To hear the press—and especially the conservative press—tell it, Charles Murray is an embattled conservative whose ideas can get no quarter because the liberal elite hate them. His difficulties at speaking events are a product of a campus atmosphere hostile to “free speech”. This is part of a worrying rise in anti-intellectualism on the left.
The problem with all that? Charles Murray’s ideas are garbage.
The Southern Poverty Law Center details Murray as someone who is on the intellectual fringe. The linked piece establishes that Murray relies on, in their words, tainted sources. His theory relies on “dysgenesis”, an idea that was on its last legs when my grandparents were in high school. Essentially, having children with “inferior” races will lead to a breakdown in the welfare system as the pressures created by the “regression” of the gene pool lead to too few people supporting the victims of dysgenesis. There are a bunch of problems with both the assumptions and methodology of his research, not to mention that the logical conclusion of this work is another Holocaust. Make no mistake, the foundation of Murray’s work are uncontroversially pseudo-science.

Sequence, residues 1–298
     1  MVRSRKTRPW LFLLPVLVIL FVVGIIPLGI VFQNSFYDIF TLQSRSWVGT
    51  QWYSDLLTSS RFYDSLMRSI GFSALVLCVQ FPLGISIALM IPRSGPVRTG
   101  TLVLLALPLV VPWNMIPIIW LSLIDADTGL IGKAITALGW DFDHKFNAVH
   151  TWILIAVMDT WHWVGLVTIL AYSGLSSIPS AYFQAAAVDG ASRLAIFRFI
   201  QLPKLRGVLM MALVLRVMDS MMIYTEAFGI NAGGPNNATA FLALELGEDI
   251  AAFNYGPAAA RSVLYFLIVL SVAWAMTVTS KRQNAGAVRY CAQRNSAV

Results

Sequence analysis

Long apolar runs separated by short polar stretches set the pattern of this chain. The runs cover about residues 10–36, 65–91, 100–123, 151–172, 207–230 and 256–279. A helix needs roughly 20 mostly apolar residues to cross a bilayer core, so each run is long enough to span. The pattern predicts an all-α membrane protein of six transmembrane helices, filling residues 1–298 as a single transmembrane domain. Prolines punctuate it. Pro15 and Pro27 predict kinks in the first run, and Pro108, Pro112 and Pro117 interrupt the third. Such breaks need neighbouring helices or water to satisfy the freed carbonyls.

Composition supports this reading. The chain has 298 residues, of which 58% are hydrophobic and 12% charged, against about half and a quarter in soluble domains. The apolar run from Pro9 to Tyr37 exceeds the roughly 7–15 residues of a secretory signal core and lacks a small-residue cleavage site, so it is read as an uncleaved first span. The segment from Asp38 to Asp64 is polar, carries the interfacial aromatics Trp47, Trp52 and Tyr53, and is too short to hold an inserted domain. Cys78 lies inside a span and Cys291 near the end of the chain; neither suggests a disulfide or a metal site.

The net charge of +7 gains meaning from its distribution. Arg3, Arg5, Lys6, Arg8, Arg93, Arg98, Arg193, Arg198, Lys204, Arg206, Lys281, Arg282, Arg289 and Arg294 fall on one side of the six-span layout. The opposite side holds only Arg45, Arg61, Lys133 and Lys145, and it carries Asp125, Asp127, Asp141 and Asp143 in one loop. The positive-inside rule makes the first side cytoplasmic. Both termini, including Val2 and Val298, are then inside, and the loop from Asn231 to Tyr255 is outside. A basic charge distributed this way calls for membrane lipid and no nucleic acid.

At this point Murray’s defenders like to trot out a Voltaire quote, “I disapprove of what you say, but I will defend to the death your right to say it”. Even taken out of context, Murray’s right to make these assertions is not in question. In context, these are not Voltaire’s words. A historian summarized summarized Voltaire’s position on a controversial book that way. The book faced formal censorship by the government and church culminating in a book burning and, ironically, Voltaire felt the work was unoriginal and not worth all the fuss. As near as I can tell, the Federal Government is not looking to burn to burn Murray’s work, but I admit I did not check.